Knox County and Knoxville differ on open record email policies


KNOXVILLE (WATE) – When it comes to government officials and their public records, it doesn’t matter what form they are in. Documents, pictures, emails and texts related to a government official’s job are all public record.

In light of Hilary Clinton’s lack of available emails from her time as Secretary of State, WATE 6 On Your Side looked into how local leaders are keeping track of their records and complying with Tennessee’s Open Records Act.Related story: Clinton used personal email account as Secretary of State

“Whether I send you an email on the comptrollers email system or I send you an email from my personal email account, if the content of the email relates to the transaction of official business, it is a public record,” said Ann Butterworth from the Tennessee Open Records Counsel.

Knox County Mayor Tim Burchett said keeping track of records, even emails, is vital for keeping the trust of citizens. Unlike Clinton, Mayor Burchett said Knox County employees don’t use personal email accounts for government business. In the county, there’s an extensive collection of official emails coming from government accounts.

“All of Knox County’s emails are captured and stored on our email server in perpetuity,” said Mayor Burchett. “There’s nothing more important than to put those issues to rest and show folks that we have nothing to hide. Knox County also has a records commission to deal with getting rid of records when it’s appropriate.”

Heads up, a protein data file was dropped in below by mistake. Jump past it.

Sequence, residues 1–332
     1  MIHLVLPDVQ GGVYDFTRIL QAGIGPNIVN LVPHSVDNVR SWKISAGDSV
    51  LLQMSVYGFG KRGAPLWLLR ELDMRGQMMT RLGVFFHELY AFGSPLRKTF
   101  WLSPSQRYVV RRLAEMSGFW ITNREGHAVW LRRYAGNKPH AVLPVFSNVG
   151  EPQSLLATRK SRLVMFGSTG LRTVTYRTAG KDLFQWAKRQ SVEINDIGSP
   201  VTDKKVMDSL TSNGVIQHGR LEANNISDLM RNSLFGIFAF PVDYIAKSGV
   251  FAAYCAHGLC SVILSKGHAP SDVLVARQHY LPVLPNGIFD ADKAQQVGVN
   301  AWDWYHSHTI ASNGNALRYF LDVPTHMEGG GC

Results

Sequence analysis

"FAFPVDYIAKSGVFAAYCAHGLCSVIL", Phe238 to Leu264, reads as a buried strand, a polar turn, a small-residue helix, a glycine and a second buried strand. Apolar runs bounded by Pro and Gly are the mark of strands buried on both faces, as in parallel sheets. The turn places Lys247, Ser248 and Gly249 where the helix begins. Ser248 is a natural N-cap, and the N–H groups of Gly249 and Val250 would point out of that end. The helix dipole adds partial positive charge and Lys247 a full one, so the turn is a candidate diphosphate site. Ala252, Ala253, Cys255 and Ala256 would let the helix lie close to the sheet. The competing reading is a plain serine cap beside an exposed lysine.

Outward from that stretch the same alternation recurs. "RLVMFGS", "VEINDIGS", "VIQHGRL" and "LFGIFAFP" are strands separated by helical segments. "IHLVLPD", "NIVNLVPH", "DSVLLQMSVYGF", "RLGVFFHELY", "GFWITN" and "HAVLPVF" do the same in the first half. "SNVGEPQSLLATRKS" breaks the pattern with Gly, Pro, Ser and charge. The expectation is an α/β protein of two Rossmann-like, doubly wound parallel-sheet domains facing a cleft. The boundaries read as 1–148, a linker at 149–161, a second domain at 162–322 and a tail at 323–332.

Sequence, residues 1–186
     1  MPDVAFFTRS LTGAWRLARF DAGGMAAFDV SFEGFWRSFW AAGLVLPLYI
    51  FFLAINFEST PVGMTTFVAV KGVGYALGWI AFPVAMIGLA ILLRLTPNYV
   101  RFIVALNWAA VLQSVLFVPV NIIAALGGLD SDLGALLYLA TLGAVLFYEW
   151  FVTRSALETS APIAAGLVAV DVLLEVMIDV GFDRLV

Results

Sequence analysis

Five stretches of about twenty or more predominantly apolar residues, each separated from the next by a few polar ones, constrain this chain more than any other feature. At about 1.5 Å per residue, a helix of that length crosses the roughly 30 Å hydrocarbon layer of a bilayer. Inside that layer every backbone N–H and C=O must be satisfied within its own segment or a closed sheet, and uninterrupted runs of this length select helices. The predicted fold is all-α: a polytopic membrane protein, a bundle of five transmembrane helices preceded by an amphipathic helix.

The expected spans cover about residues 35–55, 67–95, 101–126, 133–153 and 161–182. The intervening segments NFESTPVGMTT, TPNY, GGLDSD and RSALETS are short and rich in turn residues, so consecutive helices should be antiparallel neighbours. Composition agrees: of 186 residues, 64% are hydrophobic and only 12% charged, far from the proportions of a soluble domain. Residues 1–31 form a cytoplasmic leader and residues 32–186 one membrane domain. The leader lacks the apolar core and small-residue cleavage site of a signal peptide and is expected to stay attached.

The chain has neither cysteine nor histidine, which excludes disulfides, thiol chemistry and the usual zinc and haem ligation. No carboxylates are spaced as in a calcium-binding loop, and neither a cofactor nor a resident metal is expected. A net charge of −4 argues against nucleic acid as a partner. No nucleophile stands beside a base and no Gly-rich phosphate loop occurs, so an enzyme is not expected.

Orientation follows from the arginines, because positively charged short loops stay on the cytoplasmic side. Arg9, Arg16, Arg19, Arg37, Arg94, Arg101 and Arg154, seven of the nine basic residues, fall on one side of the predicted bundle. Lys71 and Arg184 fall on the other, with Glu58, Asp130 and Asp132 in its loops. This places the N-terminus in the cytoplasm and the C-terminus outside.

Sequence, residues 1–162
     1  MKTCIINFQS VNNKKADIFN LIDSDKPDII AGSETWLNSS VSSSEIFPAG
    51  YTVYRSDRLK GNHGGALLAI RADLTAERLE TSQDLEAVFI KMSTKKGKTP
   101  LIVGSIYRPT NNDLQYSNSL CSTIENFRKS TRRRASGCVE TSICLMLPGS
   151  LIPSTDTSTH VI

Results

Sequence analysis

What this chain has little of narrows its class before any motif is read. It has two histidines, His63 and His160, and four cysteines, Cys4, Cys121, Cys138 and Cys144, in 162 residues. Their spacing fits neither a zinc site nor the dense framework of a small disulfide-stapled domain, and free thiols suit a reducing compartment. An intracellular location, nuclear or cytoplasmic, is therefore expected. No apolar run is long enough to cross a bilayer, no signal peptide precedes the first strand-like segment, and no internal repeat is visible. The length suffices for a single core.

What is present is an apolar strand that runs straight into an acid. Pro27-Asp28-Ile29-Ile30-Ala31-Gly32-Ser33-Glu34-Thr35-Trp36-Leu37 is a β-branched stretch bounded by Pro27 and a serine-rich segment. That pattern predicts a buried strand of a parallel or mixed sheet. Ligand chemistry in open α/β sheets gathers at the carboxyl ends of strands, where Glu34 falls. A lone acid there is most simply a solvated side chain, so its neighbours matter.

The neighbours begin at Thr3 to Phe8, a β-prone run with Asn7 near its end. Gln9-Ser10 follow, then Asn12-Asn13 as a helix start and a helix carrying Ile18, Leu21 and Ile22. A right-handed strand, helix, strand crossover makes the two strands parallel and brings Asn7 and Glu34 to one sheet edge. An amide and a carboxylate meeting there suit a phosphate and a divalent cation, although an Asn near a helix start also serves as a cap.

It’s a little different with the city. Jesse Mayshark, the spokesperson for the City of Knoxville, said everyone handles their own emails, and Mayor Rogero has an executive assistant who keeps track of her correspondence.

“There’s not a requirement to retain records and so if you want to send an email and then delete it, you can. If you receive an email and want to delete it, you can. There’s nothing in the law that says you have to physically retain every piece of correspondence, every everything,” said Mayshark.

For the most part, Mayshark says city officials keep a lot of emails for their own reference, and they’re kept in the cloud.

“City employees do of course have to abide by city and state laws regarding retention of records. In the specific case of emails, those laws require certain kinds of communications to be retained – for example, something related to an issue that may be the subject of litigation, or emails relating to certain kinds of personnel issues. However, there is no broader requirement that all emails sent or received by City employees be retained for some set period,” said Mayshark.

Butterworth said any emails unrelated to an official’s job can be deleted, but everything else is supposed to be retained for two to seven years, based on the content.

The city says it doesn’t have an explicit policy on officials’ emails, and there’s nothing stopping them from deleting an email before it’s been requested.

“What you cannot do is delete an email once it has become the subject of a records request. If you have a work-related email in your possession, and somebody asks to see it, in most cases it is going to be a public record and must be provided for inspection,” Mayshark said.

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